Education: Johnstown Flood Museum

Johnstown Area Heritage Association
Primary source: Survivor stories

Stay and Rebuild or Leave and Start Over?

Stayed in Johnstown

Name Occupation Address in 1896 Directory
Barbour, George Laborer Owns home 318 Second St.
Beck, Andrew Laborer Rents home 138 Gautier St.
Butler, Mary M   Home 610 Franklin St.
Eldridge, Edward Foreman Owns home Von Lunen St.
Evans, Josiah T. Mine inspector Owns home 227 Vine St.
Fenn, Anna John Fenn, stoves* Store 230 and 232 Washington,
Home 244 Locust*
Fleming, J. Laborer* Rents home 210 Dibert St.
Hamilton, Ida NA Home 529 Thomas Ave.
Hart, Alexander N. Notary Public and pension agent Room 1 Moses Bldg., 213 Franklin St.
Rents home 247 Market St.
Lewis, William F. Draughtsman Home 506 Somerset St.
Mayhew, Edward Laborer* Laborer, rents home 116 Chapin St.
Gertrude Quinn father James Quinn ran Geis, Foster and Quinn, Dry Goods and Notions, on Clinton Corner of Jackson and Main
Ramsey, Charles C. Superintendent Rents home 426 Lincoln St.
Robb, Emma   Rents home 11 Dibert St.
Swank, Morrell Swank Hardware Comp. Rooms 441 Vine St.
Tice, W.B. Druggist 105 Clinton St.
Viering, Henry Furniture, undertaker 137 Clinton St., owns home 227 Main St.

Left Johnstown - not listed in 1896 directory

Name Occupation Where they went
Beale, Rev. Dr. David

Pastor, Presbyterian Church

After the Flood, he and Chapman were in charge of the morgues

Rev. Beale moved to a new church after a disagreement with the congregation over using the church as a morgue without consulting with the elders. He died in 1900.
Rev. H. L. Chapman

Minister, Methodist Church

After the Flood, he and Beale were in charge of the morgues

Left Johnstown several years after the Flood. Not listed in 1896 directory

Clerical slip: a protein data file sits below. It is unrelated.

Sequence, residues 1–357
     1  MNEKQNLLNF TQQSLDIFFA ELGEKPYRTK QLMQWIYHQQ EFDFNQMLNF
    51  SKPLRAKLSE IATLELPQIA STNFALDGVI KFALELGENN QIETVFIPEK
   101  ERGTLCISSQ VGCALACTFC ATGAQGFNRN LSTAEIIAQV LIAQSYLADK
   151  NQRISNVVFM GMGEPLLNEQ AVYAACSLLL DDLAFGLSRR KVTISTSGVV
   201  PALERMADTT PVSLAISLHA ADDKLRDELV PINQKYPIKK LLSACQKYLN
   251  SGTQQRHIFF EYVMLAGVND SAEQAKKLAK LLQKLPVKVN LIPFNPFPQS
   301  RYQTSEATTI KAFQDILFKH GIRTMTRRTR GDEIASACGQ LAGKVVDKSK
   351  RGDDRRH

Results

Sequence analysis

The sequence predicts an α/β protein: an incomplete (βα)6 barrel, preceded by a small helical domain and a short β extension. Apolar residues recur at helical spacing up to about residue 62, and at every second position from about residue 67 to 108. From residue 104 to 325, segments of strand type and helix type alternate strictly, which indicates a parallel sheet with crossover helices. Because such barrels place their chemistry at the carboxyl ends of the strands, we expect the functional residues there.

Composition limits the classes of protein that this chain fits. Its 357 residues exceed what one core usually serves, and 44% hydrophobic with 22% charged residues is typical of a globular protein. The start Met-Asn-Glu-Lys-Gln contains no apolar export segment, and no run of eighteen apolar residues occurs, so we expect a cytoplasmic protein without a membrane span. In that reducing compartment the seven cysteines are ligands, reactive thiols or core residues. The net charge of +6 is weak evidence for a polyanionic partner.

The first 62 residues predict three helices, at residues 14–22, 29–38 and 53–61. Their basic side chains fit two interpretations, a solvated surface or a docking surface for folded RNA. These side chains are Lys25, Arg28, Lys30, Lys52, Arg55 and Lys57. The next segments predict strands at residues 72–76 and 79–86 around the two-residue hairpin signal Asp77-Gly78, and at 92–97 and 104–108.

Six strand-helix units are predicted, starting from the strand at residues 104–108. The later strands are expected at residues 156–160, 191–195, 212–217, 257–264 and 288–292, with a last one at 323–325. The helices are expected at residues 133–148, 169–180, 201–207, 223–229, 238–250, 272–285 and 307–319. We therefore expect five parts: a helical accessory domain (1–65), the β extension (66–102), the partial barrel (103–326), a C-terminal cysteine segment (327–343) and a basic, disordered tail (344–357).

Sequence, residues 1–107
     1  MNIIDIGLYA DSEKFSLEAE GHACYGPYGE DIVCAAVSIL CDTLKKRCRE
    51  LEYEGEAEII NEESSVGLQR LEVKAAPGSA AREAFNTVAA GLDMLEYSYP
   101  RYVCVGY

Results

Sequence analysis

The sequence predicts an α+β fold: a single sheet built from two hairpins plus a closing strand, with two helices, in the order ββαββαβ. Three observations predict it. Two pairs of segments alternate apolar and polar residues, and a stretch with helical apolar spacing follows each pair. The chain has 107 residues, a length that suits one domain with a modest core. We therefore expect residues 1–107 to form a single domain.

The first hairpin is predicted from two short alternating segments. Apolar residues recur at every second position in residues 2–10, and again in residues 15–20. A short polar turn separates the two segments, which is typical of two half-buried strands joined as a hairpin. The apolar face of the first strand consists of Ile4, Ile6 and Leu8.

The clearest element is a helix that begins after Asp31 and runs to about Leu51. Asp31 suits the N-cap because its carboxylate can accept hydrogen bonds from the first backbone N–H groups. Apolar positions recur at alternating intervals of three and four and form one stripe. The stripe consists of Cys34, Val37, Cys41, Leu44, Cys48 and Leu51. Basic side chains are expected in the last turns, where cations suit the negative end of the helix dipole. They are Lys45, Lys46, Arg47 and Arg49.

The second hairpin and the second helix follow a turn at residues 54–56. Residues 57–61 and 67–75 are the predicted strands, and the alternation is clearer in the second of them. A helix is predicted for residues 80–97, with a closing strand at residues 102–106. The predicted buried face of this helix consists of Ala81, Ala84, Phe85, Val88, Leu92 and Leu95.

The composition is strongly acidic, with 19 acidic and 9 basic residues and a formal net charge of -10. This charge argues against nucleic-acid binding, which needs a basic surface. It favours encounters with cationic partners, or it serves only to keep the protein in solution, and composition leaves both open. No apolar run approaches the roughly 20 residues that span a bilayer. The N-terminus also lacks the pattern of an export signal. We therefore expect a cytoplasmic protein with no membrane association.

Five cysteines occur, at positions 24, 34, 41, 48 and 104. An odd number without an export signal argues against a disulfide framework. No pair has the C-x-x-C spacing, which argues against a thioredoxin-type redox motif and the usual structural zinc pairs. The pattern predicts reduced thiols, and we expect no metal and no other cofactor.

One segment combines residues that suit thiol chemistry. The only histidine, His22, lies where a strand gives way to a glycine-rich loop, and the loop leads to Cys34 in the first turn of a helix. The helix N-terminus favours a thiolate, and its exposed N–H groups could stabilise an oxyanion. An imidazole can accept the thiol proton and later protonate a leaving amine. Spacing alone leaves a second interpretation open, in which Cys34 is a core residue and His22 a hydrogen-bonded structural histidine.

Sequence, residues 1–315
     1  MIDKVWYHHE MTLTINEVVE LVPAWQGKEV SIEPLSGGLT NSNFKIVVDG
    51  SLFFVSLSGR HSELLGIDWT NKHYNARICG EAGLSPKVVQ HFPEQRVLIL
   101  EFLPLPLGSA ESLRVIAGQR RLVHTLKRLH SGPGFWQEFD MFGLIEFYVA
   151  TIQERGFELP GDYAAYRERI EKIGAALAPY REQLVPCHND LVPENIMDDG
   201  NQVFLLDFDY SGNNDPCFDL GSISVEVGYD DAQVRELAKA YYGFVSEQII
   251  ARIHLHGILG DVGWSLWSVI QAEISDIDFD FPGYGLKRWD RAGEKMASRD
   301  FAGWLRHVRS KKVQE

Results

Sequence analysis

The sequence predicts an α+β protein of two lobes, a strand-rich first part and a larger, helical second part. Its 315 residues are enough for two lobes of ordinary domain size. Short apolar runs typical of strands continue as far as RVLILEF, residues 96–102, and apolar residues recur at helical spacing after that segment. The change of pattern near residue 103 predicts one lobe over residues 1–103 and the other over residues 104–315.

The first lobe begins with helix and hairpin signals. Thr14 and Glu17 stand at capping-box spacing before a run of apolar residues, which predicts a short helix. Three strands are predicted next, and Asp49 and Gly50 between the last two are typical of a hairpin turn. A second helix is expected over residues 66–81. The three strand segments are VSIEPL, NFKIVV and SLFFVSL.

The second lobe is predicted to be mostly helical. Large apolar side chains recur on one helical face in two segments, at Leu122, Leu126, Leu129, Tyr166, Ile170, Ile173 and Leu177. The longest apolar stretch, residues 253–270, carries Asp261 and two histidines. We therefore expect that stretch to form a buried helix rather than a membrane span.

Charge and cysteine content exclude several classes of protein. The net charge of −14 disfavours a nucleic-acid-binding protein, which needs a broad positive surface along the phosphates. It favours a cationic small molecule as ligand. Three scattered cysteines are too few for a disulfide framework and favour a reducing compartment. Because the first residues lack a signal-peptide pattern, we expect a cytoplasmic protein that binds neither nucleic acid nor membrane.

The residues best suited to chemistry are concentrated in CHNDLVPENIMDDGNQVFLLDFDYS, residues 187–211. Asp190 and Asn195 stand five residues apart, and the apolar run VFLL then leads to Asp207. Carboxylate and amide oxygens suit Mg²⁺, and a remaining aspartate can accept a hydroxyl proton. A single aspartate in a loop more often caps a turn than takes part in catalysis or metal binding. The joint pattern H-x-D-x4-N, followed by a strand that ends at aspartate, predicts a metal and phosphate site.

Father Dr. Davin
Priest, Cambria City Catholic Church

Father Davin suffered a terrible kick in the side from a thief he tried to stop from robbing a body. He never fully recovered from his injury, though he continued to work, comforting people and turning the church into a morgue.

Friends and doctors to take a vacation to recover from his injury, but he steadily refused. In 1890 he finally tood a break to go to Denver, where he died. The last words he spoke on leaving were to his sister Stella:

“I am afraid I did not leave soon enough.”

Fenn, Anna Mrs. Fenn lost her husband, seven children, and home in the Flood. The child she was pregnant with during the Flood also died soon after birth. She remarried a Mr. Maxwell and moved to Richmond, Virginia, and apparently had no more children. She died in 1928, and was buried in Johnstown's Grandview Cemetery.
Heiser, Victor
Victor lost both his mother and father and their home and store in the Flood. At 16 he was "alone in the world" and left Johnstown to train as a doctor. He became famous for successfully treating leprosy. By the time he died in 1972, he had saved 2,000,000 people from leprosy!
Linton, John P.
  Not listed in 1896 directory
Poland, Dr. and Mrs. Samuel C.
Lost both sons and home in the Flood. Mrs. Poland taken to Philadelphia for treatment of her injured eyes. She wrote to Mrs. Beale: "We expect to locate in Philadelphia, where we shall make a new start in the world."
Gertrude Quinn Slattery Wrote a book for her children in 1936, Johnstown and its Flood. Quinns not listed in 1896 directory


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